Nevertheless, early in the second half the game remained on a knife edge. Stevenage, now attacking the Kop end, pressed. There were a few mistakes, such as a needless Cook handball on the edge of his box that gave Stevenage a free kick in a really dangerous position. City are not perfect yet, and seem to have spells in every game where they dip. This time, at least, it went unpunished.
And for that, Stevenage – and Evans especially – must take a share of the blame. They had a long throw in chance in a dangerous position, and everyone prepared for another missile into the City box. Yet the taker, Saxon Earley, produced a foul throw. The referee, Lee Swabey, awarded a throw in to City, and the red mist descended on the Stevenage bench.
A few moments later, Swabey stopped play to address the angry behaviour of Evans and his assistant Paul Raynor, who gestured about the throw in. They wouldn’t stop, eventually causing Swabey to issue them a yellow card. But more crucially the pair’s behaviour had successfully re-awoken a quiet Valley Parade crowd. The atmosphere was stoked up, and the home players responded. Within a matter of minutes, City would go 2-0 up.
The build up to the goal began when Odusina showed great intent to get in first for a 50-50 ball and played a pass to Smallwood, who sent Wright away with a delightful through-ball out wide. Wright really had to show his pace to keep the ball in, and he sent over a top quality low cross that Cook was able to tap home. 11 appearances this season for Cook now, 11 goals. He’s the only striker in the country almost keeping pace with the incredible Erling Haaland at Manchester City. It’s now four goals in a week for Cook, who is in the form of his life.
And the game was fully sealed just after the hour when Banks picked out Wright, who cut inside and hit a fierce low drive that deflected into the back of the net. Stevenage were beaten. Their composure, at 1-0 down, had suggested they could earn something from the long trip north. But Evans more than anyone should know just what a lighting rod he is inside this stadium. He and Raynor’s over the top behaviour aided City greatly.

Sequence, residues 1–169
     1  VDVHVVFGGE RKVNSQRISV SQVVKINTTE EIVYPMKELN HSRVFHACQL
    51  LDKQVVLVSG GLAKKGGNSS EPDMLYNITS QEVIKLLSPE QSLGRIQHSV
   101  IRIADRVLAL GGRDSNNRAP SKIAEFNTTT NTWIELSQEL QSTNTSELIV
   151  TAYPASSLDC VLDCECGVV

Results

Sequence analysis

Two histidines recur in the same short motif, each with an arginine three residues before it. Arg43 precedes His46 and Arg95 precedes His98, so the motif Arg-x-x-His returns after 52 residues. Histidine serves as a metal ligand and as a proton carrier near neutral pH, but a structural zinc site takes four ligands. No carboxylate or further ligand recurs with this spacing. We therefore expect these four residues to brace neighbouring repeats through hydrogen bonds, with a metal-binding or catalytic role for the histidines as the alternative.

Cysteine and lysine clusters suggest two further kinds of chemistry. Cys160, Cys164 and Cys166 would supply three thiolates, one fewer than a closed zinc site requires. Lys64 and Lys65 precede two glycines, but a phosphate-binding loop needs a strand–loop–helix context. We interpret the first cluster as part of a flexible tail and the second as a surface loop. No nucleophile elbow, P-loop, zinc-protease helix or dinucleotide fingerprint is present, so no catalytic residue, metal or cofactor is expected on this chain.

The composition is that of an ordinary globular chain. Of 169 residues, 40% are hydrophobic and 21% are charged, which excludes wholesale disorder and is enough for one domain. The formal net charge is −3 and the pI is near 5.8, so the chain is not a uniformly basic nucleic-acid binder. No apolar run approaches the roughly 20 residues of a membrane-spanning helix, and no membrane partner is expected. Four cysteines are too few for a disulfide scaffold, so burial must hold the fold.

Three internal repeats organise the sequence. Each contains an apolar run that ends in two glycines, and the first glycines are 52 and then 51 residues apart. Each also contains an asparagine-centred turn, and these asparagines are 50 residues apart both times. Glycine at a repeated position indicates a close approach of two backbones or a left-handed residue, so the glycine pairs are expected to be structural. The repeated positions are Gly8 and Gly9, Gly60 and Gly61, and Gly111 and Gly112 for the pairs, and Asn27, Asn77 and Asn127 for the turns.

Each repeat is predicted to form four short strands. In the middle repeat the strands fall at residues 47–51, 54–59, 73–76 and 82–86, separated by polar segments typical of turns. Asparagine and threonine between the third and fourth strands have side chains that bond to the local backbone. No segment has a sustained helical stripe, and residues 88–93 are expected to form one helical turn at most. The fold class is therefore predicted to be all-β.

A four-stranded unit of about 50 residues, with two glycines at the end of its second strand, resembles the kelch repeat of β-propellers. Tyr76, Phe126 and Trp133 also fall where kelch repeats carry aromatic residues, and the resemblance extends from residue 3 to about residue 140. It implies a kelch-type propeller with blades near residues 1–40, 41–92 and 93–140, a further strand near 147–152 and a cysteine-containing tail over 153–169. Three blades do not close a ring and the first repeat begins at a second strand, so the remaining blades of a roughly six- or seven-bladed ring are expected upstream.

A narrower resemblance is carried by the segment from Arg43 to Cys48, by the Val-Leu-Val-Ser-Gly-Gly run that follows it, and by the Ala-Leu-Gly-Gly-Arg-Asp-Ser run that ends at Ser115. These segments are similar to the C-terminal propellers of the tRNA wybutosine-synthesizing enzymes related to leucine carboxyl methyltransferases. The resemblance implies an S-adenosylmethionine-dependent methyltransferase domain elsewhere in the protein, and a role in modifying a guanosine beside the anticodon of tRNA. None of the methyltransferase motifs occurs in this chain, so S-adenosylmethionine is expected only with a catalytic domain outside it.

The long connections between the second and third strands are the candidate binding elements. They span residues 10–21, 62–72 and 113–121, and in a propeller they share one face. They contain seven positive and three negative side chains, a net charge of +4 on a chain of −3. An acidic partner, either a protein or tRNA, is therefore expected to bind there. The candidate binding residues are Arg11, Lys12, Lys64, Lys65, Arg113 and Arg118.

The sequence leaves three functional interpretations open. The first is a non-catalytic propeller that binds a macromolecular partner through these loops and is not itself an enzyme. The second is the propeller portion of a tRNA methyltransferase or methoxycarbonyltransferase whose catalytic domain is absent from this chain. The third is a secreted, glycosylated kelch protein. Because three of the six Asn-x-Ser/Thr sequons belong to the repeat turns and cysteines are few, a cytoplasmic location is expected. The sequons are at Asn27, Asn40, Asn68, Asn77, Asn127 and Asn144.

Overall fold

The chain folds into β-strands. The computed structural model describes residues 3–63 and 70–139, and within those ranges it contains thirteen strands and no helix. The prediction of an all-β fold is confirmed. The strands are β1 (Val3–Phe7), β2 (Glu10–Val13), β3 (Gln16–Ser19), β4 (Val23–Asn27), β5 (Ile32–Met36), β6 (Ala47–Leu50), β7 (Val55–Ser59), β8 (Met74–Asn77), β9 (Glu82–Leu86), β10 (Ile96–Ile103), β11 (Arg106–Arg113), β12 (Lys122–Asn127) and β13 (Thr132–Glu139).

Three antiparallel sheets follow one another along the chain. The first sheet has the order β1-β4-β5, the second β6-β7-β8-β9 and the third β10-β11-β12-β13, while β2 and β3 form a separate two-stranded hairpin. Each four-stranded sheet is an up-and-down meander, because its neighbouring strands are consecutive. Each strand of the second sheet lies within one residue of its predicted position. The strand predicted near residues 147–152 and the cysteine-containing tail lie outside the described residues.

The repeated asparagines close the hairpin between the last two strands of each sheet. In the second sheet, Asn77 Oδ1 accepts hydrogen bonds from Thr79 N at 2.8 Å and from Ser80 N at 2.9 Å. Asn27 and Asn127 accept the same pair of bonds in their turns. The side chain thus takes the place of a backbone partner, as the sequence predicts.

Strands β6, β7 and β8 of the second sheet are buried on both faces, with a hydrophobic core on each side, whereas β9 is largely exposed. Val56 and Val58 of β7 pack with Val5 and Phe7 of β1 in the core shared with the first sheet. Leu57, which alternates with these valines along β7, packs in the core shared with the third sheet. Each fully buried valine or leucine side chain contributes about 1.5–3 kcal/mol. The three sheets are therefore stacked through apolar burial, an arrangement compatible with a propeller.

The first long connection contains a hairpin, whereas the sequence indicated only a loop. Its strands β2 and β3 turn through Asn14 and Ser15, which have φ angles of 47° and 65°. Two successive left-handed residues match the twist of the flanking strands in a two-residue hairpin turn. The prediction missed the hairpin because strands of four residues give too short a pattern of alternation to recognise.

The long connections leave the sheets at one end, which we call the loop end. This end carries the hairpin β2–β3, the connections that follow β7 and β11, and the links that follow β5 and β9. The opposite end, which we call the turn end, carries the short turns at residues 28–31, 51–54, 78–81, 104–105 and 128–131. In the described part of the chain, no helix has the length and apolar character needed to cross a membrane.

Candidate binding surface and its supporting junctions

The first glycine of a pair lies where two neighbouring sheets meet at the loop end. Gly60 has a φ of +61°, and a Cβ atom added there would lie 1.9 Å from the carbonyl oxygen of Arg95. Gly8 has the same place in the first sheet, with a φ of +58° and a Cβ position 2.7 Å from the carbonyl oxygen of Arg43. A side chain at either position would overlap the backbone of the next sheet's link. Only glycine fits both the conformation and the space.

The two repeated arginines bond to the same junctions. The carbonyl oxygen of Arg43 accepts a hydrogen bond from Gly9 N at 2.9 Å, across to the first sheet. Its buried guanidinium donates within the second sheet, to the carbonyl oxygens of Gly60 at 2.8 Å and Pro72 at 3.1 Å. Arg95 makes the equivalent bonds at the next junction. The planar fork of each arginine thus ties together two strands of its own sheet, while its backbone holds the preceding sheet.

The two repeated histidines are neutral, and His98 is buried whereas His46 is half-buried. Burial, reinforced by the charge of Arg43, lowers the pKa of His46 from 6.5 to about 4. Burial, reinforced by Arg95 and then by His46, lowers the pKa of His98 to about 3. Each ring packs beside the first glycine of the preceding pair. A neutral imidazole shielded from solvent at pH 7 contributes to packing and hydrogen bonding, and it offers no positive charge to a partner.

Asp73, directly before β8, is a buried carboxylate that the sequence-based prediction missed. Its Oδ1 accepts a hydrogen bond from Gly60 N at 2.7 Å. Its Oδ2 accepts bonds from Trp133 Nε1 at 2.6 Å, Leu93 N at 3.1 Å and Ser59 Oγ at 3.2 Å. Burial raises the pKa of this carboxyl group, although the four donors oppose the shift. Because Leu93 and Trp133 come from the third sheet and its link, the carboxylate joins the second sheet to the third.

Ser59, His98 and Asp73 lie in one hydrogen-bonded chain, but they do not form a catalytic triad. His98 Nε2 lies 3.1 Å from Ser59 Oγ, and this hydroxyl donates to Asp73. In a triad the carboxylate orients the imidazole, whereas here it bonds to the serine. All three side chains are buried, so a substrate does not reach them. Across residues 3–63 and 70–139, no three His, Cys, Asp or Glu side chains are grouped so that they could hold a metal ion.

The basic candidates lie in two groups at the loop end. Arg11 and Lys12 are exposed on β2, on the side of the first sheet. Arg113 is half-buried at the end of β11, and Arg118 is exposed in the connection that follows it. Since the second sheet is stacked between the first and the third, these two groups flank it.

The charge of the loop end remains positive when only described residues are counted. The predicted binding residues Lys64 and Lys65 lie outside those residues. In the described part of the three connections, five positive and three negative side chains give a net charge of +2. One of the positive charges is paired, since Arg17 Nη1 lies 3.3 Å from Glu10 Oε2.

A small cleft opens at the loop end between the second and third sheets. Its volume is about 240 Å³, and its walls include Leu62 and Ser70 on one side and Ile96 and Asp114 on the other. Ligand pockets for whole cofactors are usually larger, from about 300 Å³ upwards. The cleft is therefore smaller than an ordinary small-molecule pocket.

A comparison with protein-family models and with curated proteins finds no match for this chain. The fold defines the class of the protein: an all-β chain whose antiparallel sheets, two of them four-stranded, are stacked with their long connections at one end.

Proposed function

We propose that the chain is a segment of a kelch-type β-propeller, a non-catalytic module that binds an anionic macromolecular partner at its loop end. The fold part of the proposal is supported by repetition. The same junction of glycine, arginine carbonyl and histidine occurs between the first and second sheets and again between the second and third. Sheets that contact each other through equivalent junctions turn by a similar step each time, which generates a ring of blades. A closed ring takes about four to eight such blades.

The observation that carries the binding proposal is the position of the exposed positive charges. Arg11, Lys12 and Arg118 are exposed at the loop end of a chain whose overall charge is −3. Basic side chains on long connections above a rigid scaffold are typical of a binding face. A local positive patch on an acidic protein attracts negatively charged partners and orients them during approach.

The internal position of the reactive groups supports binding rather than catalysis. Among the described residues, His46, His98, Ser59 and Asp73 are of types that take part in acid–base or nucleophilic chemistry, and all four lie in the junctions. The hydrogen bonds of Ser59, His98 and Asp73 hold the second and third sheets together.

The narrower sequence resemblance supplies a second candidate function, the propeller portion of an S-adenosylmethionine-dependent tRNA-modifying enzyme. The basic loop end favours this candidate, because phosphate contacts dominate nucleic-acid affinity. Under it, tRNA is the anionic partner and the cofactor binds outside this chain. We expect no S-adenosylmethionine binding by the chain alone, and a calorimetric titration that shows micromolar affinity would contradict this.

At 3-0 up, the chance was there to run riot and score more goals. But this is not what Hughes is about. Sure, he’d have liked more goals. But the priority was to see out the commanding lead. Control the tempo. Play on the counter attack. Create chances, but not at the risk of giving the opposition hope of coming back. Those final 28 minutes were an excellent demonstration of thoughtful game management and seeing a match out. Stevenage never looked like coming back. And City, with sub Vadaine Oliver belatedly impressing, had a couple of chances to make it four.
The only blotch was the late dismissal of Brad Halliday. Already on a booking, the City right back produced a crude and needless challenge near the corner flag at the end of the pitch the Bantams were attacking. A second yellow ensued. A real shame for Halliday, who will serve a one-game ban, just as he’s settling down and showing some decent form. Still, this very strong squad will more than cope – they were without six injured players here and you wouldn’t have known it. Luke Hendrie will step up and deserves more game time.
So City are up to fifth, three points off the automatics. Win next week at home to Wimbledon, and they’ll achieve a perfect calendar month of winning every single match. “We’re really looking forward to every game at the moment,” declared Hughes. “The lads are stepping up when they have the opportunity. They’re asking questions of me, which I want. The strength that we have in depth is going to be crucial.”
There’s a long, long, long way to go. But ever since City’s demotion to League Two, they’ve habitually failed to live up to the hype. The biggest club in the division they may be, but their performances have struck fear into no one. A 9th place finish followed by a 15th and last season’s 14th. Pre-season promotion favourite tags routinely made to look foolish.
But is the tide turning? As Hughes himself declared, “I think people will look at that result today and think, goodness me, that’s a good result for Bradford.”
Absolutely. Others will definitely sit up and take notice of this win. One that firmly suggests there is real substance this time around. And that, finally, Bradford City is getting its act together. Indeed, everything seems to be in place for success at Valley Parade this season. And that’s thanks to the inspirational management of someone who you can still scarcely believe is coaching at this level.
Categories: Match Reviews